Hair Loss BasicsAdd this app to your lists
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Hair grows from roots, which are enclosed in follicles. Below this is a layer of skin called the dermal papilla, which is fed by the bloodstream carrying nourishment vital to the growth of hair.
Only the roots of hair are actually alive, while the visible part of hair is dead tissue, and therefore unable to heal itself. It is vital then to take care of the scalp and body in order to perpetuate hair growth and maintenance.
Expensive treatments that claim to treat the visible hair and nourish it therefore are usually no more than bogus claims made to sell products.
Hormones called androgens, usually testosterone, can cause hair follicles to shrink, causing thinning of hair or eventual hair loss. Reportedly only bone marrow grows faster in our body than hair does. The average scalp contains 100,000-150,000 hair follicles and hairs, with 90% growing and 10% resting at any given time.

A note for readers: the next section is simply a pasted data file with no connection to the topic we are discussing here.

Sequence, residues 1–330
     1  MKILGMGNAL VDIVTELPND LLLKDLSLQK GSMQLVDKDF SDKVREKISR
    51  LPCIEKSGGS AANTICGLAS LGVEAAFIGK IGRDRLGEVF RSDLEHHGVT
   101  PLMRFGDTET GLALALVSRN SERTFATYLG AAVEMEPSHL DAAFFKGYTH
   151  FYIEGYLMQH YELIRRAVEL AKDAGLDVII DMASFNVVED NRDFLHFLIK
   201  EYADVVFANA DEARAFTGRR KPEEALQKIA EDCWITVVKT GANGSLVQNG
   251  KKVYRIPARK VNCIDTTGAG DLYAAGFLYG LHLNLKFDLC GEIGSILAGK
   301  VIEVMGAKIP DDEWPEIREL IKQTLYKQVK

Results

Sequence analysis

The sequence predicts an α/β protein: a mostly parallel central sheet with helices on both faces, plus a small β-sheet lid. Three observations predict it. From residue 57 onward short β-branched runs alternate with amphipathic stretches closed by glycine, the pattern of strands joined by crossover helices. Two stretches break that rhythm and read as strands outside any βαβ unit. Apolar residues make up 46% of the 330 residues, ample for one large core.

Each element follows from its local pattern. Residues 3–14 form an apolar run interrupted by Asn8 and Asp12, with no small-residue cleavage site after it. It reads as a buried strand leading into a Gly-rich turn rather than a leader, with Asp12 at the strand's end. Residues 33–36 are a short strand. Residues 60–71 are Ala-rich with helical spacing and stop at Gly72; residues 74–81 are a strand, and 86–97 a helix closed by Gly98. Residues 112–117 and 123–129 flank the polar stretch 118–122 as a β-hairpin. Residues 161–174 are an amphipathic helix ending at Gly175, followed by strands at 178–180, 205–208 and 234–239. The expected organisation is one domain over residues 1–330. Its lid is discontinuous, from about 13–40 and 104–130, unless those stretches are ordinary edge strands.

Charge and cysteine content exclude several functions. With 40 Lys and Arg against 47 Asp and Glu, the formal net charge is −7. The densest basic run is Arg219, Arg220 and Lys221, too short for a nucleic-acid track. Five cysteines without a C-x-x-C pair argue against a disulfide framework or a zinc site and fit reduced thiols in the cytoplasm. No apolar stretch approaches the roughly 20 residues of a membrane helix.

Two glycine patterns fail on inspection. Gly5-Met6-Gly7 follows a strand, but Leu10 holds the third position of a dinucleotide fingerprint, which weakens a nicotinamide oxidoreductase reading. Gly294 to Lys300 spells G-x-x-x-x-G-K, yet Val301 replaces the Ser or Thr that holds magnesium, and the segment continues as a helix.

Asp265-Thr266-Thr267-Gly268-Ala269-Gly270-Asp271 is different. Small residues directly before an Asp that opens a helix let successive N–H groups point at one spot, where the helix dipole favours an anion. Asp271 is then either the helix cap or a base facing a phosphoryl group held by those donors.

Hair actually grows in three stages: anagen, catagen, and telogen. The anagen phase is the phase where hair is actively growing, and of course this phase is longer for follicles in the scalp than anywhere else on your body, and lasts longer for women than men.
It is natural for follicles to atrophy and hair to fall out, and this is called the catagen phase. This phase is only temporary, and eventually the follicle enters the telogen phase where it is resting.
These are the 10% at rest mentioned above. Normal anagen phases last approximately five years, with catagen phases lasting about three weeks, and telogen phases lasting approximately 12 weeks. As you see it is natural to lose some hair.
Natural hair loss is considered to be in the range of 100 hairs per day. It is not apparent to most people that hair is actually being lost until more than 50% of a person's hair is actually lost.